The High Tone of Art in The Culture The Bambaras of Mali

The Bambara ethnic society is located in the central part of Mali. The Bambara cultivate the land for sustenance. The main occupation there is farming. The people engage in agricultural activities like the planting and cultivation of corn and other cereals. A section of the people also engages in pastoral farming. Some few selected people were trained in smithing and carving. These smiths and carvers are greatly respected and feared because they are believed to be closer to the gods and ancestors.

Their cultural life is cluttered with a lot of religious beliefs. These beliefs were greatly portrayed using artistic productions in sculpture, textiles, Blacksmithing, beadwork and much more. The Bambaras believe in God whom they call Faro. He is believed among the people as the creator and redeemer of the universe who sends rain for the fertility of the land. The sacred colour of Faro is white. Therefore, he is petitioned through the performance of certain oracles and rituals before any farming activity is started on a land. White items and objects are offered to him as sacrifices during the performance of the rituals such as white clothes, eggs, cowrie shells, white sheep and hens. It is believed that when this is done, the people will earn the favour and blessings of Faro and a bumper harvest. They also believed in ancestors.

Six secret societies governed the Bambara ethnic society. They exercise authority over all the aspects of the life of the people. However, the most powerful and influential of the six secret societies are the Komo secret society and the Flankuru secret society. The Komo secret society exercises judicial powers while the Flankuru secret society supervises agricultural activities. All the men in the society are to join these secret societies. The young boys between the ages of seven years and twelve years also join a youth group which is also a secret society called the Ntomo secret society. It offers training to the young ones regarding good behavior and manners. Artifacts were used immensely as teaching aids.

The Bambaras practiced various forms of art. These include sculpture, textiles, blacksmithing and beadwork. The sculpted figures they made included masks, male and female ancestral and fertility figures, cult objects such as bowls, stools, flutes, Harps and door latches or locks. Ritual staffs were produced in iron.

Their sculptural figures are generally monumental, cubist, thin and pillar-like. The breasts of the female figures are cone-shaped, heavy and are projected in a forward position. The hairstyle is in a transverse, a popular hairstyle of the Bambara men. The arms of the figure hang at the sides of the figure and the surface of the figure is decorated with various ethnic body marks which have symbolic meanings. The sculptured figures are decorated with glass beads, cowrie shells, and strips of copper sheets. The surfaces of the figures are blackened with a heated iron. It is then finished by burnishing with shea butter.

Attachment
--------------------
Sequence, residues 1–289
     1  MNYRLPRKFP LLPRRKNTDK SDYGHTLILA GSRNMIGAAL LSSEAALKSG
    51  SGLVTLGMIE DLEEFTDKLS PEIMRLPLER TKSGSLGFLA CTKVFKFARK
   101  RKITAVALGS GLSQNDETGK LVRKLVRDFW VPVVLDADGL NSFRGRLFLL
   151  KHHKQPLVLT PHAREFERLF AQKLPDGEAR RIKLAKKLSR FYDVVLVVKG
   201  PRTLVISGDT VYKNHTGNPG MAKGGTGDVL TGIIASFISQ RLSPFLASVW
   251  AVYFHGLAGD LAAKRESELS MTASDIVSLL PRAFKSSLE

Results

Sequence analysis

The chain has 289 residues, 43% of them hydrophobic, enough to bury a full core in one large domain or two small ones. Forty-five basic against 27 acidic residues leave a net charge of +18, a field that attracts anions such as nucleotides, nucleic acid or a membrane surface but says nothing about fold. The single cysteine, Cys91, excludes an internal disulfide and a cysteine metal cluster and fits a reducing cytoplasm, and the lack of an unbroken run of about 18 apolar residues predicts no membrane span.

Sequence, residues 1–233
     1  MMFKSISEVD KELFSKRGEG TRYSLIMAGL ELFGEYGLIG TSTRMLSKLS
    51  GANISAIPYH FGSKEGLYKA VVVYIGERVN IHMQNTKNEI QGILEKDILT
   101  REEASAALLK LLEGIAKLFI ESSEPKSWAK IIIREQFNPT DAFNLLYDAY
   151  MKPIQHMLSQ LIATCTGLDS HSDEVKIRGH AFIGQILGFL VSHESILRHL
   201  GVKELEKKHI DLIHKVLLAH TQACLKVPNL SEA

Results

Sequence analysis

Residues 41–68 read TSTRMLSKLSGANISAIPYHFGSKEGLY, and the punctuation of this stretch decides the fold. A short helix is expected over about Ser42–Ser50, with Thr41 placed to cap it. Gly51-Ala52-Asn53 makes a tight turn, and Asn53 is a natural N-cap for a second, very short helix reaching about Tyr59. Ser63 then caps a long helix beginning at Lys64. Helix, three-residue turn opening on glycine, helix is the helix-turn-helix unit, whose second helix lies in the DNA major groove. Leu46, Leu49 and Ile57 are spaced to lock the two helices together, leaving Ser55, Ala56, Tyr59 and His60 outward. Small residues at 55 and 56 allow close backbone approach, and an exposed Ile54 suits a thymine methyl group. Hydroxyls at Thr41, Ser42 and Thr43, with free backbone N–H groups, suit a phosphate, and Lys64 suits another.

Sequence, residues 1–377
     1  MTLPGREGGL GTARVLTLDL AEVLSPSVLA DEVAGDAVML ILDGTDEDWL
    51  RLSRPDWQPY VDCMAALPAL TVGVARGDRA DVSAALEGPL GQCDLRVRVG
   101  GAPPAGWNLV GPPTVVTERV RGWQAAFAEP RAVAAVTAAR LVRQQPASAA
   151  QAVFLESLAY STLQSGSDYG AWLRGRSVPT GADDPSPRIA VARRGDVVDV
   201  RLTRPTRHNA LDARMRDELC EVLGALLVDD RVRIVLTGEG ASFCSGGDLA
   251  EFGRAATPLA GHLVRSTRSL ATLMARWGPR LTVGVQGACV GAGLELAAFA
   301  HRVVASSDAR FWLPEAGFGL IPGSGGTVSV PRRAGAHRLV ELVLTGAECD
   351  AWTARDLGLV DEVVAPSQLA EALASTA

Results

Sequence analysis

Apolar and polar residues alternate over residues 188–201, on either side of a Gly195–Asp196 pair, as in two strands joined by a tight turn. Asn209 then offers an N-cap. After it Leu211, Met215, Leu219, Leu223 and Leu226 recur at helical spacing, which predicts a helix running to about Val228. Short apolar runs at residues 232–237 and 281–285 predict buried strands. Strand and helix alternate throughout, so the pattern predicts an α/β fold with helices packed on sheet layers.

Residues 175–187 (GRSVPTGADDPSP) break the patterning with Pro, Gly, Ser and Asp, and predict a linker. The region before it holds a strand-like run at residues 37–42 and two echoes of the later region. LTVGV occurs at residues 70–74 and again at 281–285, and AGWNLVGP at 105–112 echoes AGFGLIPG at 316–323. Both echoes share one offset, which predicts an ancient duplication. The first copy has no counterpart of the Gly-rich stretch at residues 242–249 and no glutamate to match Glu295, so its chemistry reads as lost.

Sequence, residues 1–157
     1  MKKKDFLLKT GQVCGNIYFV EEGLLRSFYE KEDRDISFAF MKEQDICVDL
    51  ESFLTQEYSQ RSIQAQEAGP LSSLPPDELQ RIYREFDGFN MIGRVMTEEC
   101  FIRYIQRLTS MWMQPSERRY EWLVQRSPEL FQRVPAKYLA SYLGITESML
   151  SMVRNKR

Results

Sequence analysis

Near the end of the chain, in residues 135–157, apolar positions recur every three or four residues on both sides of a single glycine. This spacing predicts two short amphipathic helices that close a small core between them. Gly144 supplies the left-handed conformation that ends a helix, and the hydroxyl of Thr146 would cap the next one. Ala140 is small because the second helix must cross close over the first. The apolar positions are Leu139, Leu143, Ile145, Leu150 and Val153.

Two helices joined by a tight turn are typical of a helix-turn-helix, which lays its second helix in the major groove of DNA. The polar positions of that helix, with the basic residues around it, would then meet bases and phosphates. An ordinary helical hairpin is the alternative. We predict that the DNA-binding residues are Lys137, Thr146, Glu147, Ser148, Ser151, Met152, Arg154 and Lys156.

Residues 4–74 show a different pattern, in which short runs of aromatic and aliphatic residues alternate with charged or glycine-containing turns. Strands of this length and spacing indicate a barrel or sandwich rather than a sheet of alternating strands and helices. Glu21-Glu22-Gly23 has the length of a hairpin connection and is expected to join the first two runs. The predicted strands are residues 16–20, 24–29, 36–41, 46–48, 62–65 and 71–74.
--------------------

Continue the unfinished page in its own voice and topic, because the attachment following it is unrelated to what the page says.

The famous mask produced by the Bambara is the Chiwara mask or headdress which is in the form of an antelope. The textile was done mostly by the Bambara women. The chief material they used was cotton, which was dyed in the discharge dyeing technique. They decorated the surface of the cloth with elegant geometric patterns.
The female sculpted figures are used in fertility cults which ensured the fertility of women in the society. The Chiwara masks are worn during ritual dances before tilting and planting are done on the land. It is believed by the people that it was the antelope that taught them how to cultivate grain. Therefore the antelope is viewed as sacred among the people. During harvest and puberty rites where the fertility of the land and women is earnestly sought, the dancers wear the Chiwara mask or headdress. Their dance movements, leaps, and vibrations reflect that of an antelope. This symbolic dance symbolizes the magical relationship of the antelope to fertility among the Bambara.

Less propagation and exhibition of the culture of the Bambaras would have been made if it was not through art. Therefore, art, must be highly considered and incorporated into the developmental agenda of communities and nations.

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